Your daily digest of news and links relevant to the secular and skeptic communities.
Happy spooky day! I know we’re all looking forward to an evening of dissecting our kids’ candy as we check each individual piece for razor blades and evidence of poisoning. My baby daughter Phoebe will be donning a puppy costume, presuming she’s awake and not screaming, and my almost-3-year-old son Toby will be a Tyrannosaurus Rex, pictured here with my lovely wife. You could just die, he’s so cute, right??
CFI’s new campus organizer Sarah Kaiser takes a valiant stab at chronicling last week’s CSICon using mainly tweets. Remarkably effective.
James Croft discovers an “interfaith” organization that, rather than pretend all religions are the same (<cough>Karen Armstrong<cough>), puts religious differences front and center in a Stephen Prothero God-is-not-one kind of way. I’m intrigued.
Douglas LaBier at PsychToday: It’s easier just to believe a political lie than to think about its plausibility, thus, global warming is a hoax and Obama is a Muslim, etc.
Speaking of our secretly-Muslim president, Richard Land breaks a pledge not to endorse a candidate to, shock of shocks, back Mitt Romney.
Could you tell I was being sarcastic just then about Obama being a Muslim? If you think it’s hard to tell when a written sentence is intended as sarcasm, imagine how hard it is for a computer. USC’s Annenberg Innovation Lab is on it.
(Once they figure that out, then they need to figure out how to detect “kidding on the square.”)
Mike Huckabee makes a veiled threat of eternal damnation for those who vote the wrong way.
Nigerian secular activist Leo Igwe joins JREF as a research fellow.
CFI-Indiana to present a program on coping with the later stages of life November 10.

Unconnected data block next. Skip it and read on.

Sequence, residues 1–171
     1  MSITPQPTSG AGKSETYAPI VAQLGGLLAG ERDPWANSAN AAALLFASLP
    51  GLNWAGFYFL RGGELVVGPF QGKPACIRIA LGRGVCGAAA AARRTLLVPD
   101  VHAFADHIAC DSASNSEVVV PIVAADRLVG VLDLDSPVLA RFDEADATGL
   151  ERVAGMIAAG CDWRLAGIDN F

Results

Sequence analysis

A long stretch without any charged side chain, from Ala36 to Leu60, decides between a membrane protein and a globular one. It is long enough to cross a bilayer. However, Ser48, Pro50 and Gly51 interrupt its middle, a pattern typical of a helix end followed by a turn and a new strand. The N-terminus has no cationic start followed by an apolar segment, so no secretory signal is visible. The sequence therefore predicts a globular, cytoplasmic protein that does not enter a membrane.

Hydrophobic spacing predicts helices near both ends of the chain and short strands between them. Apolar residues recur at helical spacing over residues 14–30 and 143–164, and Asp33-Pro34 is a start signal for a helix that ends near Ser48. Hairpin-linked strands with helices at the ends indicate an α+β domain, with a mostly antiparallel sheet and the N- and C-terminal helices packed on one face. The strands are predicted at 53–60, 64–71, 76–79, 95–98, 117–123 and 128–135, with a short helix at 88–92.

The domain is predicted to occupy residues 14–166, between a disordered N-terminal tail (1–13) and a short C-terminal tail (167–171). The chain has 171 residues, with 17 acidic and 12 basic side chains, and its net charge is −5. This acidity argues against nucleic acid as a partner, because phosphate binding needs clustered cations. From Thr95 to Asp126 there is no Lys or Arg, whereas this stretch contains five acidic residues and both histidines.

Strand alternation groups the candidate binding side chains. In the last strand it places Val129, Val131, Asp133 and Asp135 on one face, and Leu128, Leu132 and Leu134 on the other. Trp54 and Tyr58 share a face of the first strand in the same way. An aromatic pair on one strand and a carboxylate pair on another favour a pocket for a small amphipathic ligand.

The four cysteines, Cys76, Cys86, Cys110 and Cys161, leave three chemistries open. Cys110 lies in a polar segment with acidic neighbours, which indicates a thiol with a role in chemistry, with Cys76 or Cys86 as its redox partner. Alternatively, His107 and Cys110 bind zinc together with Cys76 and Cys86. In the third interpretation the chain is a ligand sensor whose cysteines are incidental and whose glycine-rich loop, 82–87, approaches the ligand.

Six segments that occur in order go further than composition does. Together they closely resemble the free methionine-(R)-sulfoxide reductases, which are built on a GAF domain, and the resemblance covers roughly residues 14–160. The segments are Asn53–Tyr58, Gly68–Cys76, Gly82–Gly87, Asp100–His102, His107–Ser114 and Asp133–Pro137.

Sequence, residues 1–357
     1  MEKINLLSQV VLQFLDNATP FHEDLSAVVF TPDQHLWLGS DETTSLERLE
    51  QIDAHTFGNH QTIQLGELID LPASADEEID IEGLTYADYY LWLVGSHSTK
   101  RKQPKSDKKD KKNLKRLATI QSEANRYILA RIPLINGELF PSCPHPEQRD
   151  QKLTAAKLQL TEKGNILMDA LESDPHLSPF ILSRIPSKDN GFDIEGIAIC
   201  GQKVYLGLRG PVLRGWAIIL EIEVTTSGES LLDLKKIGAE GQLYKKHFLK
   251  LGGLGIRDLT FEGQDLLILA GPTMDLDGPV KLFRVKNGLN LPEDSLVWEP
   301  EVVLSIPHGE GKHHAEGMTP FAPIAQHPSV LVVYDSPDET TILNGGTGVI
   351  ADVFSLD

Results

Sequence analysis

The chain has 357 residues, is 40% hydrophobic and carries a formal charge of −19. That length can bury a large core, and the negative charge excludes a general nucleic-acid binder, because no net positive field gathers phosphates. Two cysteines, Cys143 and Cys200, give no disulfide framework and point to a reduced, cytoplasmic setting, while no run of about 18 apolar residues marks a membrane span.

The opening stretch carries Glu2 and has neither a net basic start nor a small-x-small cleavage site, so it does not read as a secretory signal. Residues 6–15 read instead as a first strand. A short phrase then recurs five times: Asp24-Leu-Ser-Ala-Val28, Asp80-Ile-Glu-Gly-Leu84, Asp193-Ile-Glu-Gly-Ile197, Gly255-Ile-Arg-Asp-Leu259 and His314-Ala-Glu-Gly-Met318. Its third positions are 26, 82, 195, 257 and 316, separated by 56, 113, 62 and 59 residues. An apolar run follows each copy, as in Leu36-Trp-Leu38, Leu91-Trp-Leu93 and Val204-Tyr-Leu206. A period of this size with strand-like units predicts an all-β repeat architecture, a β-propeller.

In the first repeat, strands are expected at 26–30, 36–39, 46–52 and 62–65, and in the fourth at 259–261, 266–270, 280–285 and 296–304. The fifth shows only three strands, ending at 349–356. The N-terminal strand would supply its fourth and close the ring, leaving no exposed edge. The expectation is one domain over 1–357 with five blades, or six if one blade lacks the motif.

NYT covers the secularist uprising in Turkey.
The Driskill Hotel in Austin is apparently haunted by, among other folks, a ghost who uses the elevator.
Chickamauga Battlefield in Tennessee gets closed to the public on Halloween because of being perennially being overrun by would-be ghost hunters.
Tourism dollars decide the great contest: The red squirrel beats the non-existent marine dinosaur at Loch Ness.
Slate rejects an article Harriet Hall, which they asked her to write, critical of alt-med sales-guru Andrew Weil.
Bruce Gordon guest-posts at Butterflies & Wheels on his disdain for “faitheists,” accusing folks like Chris Stedman of being more interested in “maintaining the status quo” than about the concerns of atheists being persecuted.
WSJ: Humans may have some “anticipatory” sensations that might, if you wanted to get more clicks on your article, sound vaguely like being “psychic,” even though it’s not at all that.
BBC: University of London runs a psychic-abilities test, which the psychics fail (insert “should’ve seen that coming” joke here). Psychic declares it “doesn’t prove a thing.”
Legal action threatened in Egypt over a “blasphemous” and greviously insulting film in which, get this, a belly dancer dances…wait for it…to a song that references Muhammad’s daughter. I KNOW, RIGHT!?!
Felicity A. Morse at HuffPo: “Belief means an acceptance that something is true, especially an acceptance without proof.” Wait. No, it doesn’t!
Sex-offender pedophile former rabbi starts attending services at Bethesda synagogue. Awkward!
Mother Jones listicle: America’s 9 most anti-science politicians. (Where’s James Inhofe??)
Quote of the Day
My man Montaigne again:
‘Tis the fear of death and of pain, impatience of disease, and a violent and indiscreet desire of a present cure, that so blind us: ’tis pure cowardice that makes our belief so pliable and easy to be imposed upon: and yet most men do not so much believe as they acquiesce and permit.
Linking to a story or webpage does not imply endorsement by Paul or CFI. Not every use of quotation marks is ironic or sarcastic, but it often is.
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